Dr.med. Othmar Mäser, Psychiater Psychotherapie

Kant quotation 10 : Preface to the Critique of Pure Reason

Kant´s Preface to the first edition (1781)

(J. M. D. Meiklejohn translation)

“Human reason, in one sphere of its cognition, is called upon to consider questions, which it cannot decline, as they are presented by its own nature, but which it cannot answer, as they transcend every faculty of the mind.

It falls into this difficulty without any fault of its own. It begins with principles, which cannot be despensed with in the field of experience, and the truth and sufficiency of which are, at the same time, insured by experience. With these principles it rises, in obedience to the laws of its own nature, to ever higher and remote conditions. But it quickly discovers that, in this way, its labors must remain ever incomplete, because new questions never cease to present themselves; and thus it finds itself compelled to have recourse to principles which transcend the region of experience, while they are regarded by common sense without distrust.  It thus falls into confusion and contradictions, from which it conjectures the presence of latent errors, which, however, it is unable to discover, because the principles it employs, transcending the limits of experience, cannot be tested by that criterion. The arena of these endless contests is called Metaphysic.

Time was, when she was the queen of all the sciences; and, if we take the will for the deed, she certainly deserves, so far as regards the high importance of her object-matter, this title of honor. Now, it is the fashion of the time to heap contempt and scorn upon her; and the matron mourns, forlorn and forsaken, like Hecuba …..

….. At first, her government, under the administration of the dogmatists, was an absolute despotism. But, as the legislative continued to show traces of the ancient barbaric rule, her empire gradually broke up, and intestine wars introduced the reign of anarchy; while the sceptics, like nomadic tribes, who hate a permanent habitation and settled mode of living, attacked from time to time those who had organised themselves into civil communities. But their number was, very happily, small; and thus they could not entirely put a stop to the exertions of those who persisted in raising new edifices, although on no settled or uniform plan. In recent time the hope dawned upon us of seeing those disputes settled, and the legitimacy of her claims established by a kind of physiology of the human understanding – that of the celebrated Locke. But it was found that – although it was affirmed that this so-called queen could not refer her descent to any higher source than that of common experience, a circumstance which necessarily brought suspicion on her claims – as this genealogy was incorrect, she persisted in the advancement of her claims to sovereignty. Thus metaphysics necessarily fell back into the antiquated and rotten constitution of dogmatism, and again became obnoxious to the contempt from which efforts had been made to save it. At present, as all methods, according to the general persuasion, have been tried in vain, there reigns nought but weariness and complete indifferentism – mother of chaos  and night in the scientific world, but at the same time the source of, or at least the prelude to, the re-creation and reinstallation of a science, when it has fallen into confusion, obscurity, and disuse from ill-directed effort.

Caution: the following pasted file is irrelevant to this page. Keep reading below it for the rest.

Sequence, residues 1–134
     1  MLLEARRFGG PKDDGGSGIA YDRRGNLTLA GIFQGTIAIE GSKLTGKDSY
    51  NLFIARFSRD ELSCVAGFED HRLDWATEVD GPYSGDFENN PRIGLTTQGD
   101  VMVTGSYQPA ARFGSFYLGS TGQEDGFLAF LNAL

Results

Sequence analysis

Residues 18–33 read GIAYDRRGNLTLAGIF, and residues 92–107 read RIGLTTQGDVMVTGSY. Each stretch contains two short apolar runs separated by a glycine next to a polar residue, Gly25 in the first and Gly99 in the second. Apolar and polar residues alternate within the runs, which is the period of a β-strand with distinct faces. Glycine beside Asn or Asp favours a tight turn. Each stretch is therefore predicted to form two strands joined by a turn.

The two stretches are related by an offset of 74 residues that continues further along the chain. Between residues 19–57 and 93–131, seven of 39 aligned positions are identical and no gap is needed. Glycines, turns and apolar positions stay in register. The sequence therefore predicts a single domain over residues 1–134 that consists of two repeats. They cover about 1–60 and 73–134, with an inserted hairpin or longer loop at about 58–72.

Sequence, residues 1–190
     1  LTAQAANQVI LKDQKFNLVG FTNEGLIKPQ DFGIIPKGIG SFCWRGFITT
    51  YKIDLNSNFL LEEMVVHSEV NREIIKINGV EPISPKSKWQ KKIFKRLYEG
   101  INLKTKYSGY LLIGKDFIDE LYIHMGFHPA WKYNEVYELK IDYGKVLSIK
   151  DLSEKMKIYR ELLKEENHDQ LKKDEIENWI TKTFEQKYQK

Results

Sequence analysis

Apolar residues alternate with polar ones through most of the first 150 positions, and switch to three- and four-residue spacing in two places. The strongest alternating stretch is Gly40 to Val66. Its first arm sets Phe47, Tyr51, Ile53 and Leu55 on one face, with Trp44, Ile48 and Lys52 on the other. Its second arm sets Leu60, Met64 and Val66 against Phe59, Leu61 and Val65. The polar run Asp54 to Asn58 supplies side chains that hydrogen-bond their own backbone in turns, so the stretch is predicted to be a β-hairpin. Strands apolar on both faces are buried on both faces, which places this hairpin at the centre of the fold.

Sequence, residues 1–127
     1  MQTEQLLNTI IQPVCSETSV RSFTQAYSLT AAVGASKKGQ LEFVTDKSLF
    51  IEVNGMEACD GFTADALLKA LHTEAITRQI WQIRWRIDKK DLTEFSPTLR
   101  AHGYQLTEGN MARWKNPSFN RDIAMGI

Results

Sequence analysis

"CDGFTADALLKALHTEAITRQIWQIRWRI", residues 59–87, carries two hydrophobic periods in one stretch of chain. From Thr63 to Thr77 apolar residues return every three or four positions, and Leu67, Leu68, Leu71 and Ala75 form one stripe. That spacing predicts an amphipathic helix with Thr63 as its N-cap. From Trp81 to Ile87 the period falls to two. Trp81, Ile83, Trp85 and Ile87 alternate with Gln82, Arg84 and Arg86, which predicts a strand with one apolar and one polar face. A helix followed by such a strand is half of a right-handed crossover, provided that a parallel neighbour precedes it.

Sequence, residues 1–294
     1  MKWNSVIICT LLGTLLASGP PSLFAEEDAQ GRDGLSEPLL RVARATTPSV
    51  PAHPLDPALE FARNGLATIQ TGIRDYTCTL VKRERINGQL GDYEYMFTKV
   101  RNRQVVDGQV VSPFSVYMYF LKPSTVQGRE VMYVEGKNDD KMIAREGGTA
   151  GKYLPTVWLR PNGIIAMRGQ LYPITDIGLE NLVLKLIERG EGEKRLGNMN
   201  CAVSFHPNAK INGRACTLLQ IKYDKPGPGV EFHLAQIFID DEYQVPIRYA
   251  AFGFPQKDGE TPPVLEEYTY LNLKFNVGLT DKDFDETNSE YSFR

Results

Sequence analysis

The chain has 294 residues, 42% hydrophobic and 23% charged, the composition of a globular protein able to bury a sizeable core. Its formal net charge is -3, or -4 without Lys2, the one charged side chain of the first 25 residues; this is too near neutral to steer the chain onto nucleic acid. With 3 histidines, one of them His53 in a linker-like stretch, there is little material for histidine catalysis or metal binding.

For it is in reality vain to profess indifference in regard to such inquiries, the object of which cannot be indifferent to humanity. Besides, these pretended indifferentists, however much they may try to disguise themselfes by the assumption of a popular style and by changes on the language of the schools, unavoidably fall into metaphysical declarations and propositions, which they profess to regard with so much contempt. At the same time, this indifference, which has arisen in the world of science, and which relates to that kind of knowledge which we should wish to see destroyed the last, is a phenomenon that well deserves our attention and reflection. It is plainly not the effect of the levity, but the matured judgement of the age, which refuses to be any longer entertained with illusory knowledge. It is, in fact, a call to reason, again to undertake the most laborious of all tasks – that of self-examination, and to establish a tribunal, which may secure it in its well-grounded claims, while it pronounces against all baseless assumptions and pretensions, not in an arbitrary manner, but according to its own eternal and unchangeable laws. This tribunal is nothing less than the Critical Investigation of Pure Reason.

I do not mean by this a criticism of books and systems, but a critical inquiry into the faculty of reason, with reference to the cognitions to which it strives to attain without the aid of experience; in other words, the solution of the question regarding the possibility or impossibility of Methaphysics, and the determination of the origin, as well as of the extent and limits of this science. All this must be done on the basis of principles.”

(end of quotation)

Immanuel Kant, Critique of Pure Reason, Dover Philosophical Classics, 2003, unabridged republication of J. M. D. Meiklejohn`s translation as published in 1900 by the Colonial Press, London and New York, page vii-ix.

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